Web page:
My Life In Beer: Backstage Beer Bums
By Joel Gion (The Brian Jonestown Massacre)
December 10th, 1996
Tonight at The Whiskey a Go Go is for us the first time at the scene of the crime. The crime being our San Francisco party crew sending Oasis down here to implode on our crystals of narcotic madness during their first trip over to the States. I suddenly realize the random criss-crossings of circumstance, as we had then just returned to SF from performing down here at the Troubadour to play with Oasis the next night right before they came down here and broke up at the club we were now playing tonight.
As far as L.A. was concerned, the coolness of the “turned on” Sunset Strip days, the huge local glam scene, the inadvertent hardcore punk innovators, or even the Paisley Underground movement that were by today long ago and worlds apart from what was now a broke scene so overtly saturated with bad bands that it had been enabled to implement the now widely adopted “pay to play” system.
While we certainly were not nor would ever be to do with something like that, because where we lived in San Francisco a coastal cliff to off oneself was always closer, what this still meant was that even for visiting bands with a growing hype like ours, as openers we could expect next to nothing hospitality-wise and that’s exactly what we receive in the form of a single lonely six-pack of Budweiser cans and a pile of napkins sitting atop an otherwise barren fold-out table.
Although tonight’s headliners Ocean Colour Scene were the latest in a long and welcome parade of bands coming over from Britain, they were not one of “my” bands, so considering our dire beer situation, this was actually a welcome circumstance in that it freed me up from any apprehension I might normally have to cause a bother to heroes.
Oh good, the door is ajar.
Knock knock knock on the door causing it to open further and poke my head in to reveal myself to the very audible British accents inside.
“Oh, hi there! Sorry to bug you cats, but I play in the opening band and well, they’re being incredibly skimpy on the beers with us, we’ve got like less than one per member, haha… ahh, where I can see you guys have a full tub here. Any chance I could grab one from you? Really excited to be playing with you guys tonight”, I tag on in exaggeration. This little extra razzle-dazzle should surely be enough to seal the good fellowship deal.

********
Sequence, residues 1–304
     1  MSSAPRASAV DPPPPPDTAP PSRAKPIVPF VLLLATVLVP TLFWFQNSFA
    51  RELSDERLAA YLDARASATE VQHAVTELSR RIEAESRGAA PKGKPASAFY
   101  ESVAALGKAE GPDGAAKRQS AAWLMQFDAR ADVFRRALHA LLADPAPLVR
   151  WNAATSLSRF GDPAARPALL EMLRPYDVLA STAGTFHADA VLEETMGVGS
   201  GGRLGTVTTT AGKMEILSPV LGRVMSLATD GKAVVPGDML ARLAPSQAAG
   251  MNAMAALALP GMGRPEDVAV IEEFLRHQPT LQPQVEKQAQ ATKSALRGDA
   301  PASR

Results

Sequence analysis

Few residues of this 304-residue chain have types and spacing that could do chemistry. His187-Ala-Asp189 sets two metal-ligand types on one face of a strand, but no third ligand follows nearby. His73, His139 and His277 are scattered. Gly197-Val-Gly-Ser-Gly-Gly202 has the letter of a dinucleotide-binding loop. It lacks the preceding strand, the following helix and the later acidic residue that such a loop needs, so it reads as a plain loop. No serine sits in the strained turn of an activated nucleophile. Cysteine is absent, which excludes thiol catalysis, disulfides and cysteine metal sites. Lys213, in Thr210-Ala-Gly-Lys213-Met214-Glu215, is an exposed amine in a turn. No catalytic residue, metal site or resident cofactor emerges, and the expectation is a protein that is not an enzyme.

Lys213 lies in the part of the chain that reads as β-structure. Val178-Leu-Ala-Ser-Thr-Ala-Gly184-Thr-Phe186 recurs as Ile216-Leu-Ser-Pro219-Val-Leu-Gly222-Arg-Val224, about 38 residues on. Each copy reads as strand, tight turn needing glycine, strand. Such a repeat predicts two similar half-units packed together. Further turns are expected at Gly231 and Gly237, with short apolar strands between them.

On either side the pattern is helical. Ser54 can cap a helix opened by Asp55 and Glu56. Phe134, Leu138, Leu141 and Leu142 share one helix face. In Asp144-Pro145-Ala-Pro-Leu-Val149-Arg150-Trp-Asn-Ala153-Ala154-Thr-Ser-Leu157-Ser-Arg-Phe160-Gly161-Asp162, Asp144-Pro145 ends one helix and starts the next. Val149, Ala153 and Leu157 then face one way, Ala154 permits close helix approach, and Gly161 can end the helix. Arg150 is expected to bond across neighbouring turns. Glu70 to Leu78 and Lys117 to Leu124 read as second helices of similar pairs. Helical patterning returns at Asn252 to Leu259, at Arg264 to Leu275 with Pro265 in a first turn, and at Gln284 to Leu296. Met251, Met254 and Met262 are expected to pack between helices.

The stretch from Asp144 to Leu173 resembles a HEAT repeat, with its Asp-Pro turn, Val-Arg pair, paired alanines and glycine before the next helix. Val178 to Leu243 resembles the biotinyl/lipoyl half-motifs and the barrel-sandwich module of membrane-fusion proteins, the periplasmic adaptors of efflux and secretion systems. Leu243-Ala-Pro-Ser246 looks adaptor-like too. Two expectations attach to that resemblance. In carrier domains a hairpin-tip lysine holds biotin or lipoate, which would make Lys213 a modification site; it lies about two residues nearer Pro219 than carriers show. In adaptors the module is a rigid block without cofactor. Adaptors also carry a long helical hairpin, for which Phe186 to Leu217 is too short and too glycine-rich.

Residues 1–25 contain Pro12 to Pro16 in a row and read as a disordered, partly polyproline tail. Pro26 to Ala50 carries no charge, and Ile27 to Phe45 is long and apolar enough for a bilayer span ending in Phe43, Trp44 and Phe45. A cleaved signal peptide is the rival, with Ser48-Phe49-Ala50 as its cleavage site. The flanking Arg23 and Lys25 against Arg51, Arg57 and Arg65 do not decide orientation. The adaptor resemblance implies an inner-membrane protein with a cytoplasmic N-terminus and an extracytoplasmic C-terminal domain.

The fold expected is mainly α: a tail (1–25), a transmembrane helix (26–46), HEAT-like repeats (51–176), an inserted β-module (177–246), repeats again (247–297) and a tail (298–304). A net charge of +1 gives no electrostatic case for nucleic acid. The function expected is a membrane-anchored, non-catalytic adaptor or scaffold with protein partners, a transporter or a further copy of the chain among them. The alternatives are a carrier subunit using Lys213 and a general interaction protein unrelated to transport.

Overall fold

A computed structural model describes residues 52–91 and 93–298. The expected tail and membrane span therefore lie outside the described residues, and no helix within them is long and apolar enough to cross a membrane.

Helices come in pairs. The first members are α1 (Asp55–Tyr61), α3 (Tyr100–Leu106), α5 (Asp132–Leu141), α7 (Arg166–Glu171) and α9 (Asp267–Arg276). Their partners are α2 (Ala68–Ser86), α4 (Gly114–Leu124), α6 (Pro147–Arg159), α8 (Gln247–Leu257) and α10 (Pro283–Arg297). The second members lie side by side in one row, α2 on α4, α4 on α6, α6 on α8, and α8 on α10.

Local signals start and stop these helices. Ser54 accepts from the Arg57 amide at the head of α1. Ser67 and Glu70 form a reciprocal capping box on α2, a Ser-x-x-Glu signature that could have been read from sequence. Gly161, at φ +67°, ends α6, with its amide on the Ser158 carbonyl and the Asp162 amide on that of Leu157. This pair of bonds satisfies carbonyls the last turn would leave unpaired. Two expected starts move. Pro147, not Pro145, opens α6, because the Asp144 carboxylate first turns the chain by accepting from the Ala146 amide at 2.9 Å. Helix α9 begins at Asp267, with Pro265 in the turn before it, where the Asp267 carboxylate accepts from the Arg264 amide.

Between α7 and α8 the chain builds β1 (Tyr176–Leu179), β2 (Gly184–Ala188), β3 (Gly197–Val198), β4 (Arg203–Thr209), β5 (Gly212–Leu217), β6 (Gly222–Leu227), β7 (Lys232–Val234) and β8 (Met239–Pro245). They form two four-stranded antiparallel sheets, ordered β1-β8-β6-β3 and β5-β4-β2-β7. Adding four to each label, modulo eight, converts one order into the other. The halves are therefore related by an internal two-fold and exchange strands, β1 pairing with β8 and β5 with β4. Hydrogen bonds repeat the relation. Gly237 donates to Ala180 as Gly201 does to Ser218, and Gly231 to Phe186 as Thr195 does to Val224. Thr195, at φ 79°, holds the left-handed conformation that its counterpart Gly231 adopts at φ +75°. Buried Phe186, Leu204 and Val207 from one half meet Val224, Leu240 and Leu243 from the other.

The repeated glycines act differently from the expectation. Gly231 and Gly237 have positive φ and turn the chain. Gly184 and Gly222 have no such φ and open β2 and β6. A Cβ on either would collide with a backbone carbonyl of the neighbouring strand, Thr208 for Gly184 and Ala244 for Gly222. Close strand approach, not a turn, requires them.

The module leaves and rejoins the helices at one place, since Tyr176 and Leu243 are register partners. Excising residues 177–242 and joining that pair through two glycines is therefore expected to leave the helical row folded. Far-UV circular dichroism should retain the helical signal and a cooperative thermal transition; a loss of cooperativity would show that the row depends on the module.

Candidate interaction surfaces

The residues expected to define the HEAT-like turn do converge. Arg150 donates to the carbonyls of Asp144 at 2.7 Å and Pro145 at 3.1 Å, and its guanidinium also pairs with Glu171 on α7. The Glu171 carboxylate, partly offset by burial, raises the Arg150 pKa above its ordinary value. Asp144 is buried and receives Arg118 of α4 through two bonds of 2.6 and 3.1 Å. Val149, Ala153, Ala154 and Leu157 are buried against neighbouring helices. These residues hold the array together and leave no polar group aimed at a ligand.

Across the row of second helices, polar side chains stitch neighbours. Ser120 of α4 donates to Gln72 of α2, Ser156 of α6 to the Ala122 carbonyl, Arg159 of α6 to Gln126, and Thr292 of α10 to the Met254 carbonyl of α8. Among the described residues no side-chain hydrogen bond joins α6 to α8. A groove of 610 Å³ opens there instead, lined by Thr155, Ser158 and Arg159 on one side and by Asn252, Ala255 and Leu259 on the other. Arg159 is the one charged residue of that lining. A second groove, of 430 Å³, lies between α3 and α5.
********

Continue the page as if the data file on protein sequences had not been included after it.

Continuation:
Guitarist Steve Craddock fields the intruding American while animatedly dialing his accent up to eleven by way of sarcasm. “Beah? You want some of our beah, mate? Well, whot you gonna dew for it then? Wot about yew donce forrit, ey? Dew a lit-ol donce then. Then, maaybe, depending on aww good et is, yore doncing, we’ll decide if ew can ‘ave one of our beahs, awright?"
“OH, ok…” Next to the door is a table covered with a fully loaded backstage spread of cold cuts, cheeses, breads, fruit, vegetable platter, dips, a huge silver tub of beers and other beverage assortment, and on the very end is one of the largest bags of tortilla chips I’ve ever laid eyes on.
“You mean like this?” I grab the full “family size” bag of tortilla chips, peel the top seal all the way open and begin skip-dancing around the room, all the while steadily shaking the bag upward, causing an eruption of chips from the bag like a steady flowing crispy tortilla volcano. I continue to zig-zag around the entire room while they just stare as I make a few bag shakes over my right shoulder, then over my left and back again as I shake out the whole bag evenly over almost the entire real estate of the floor.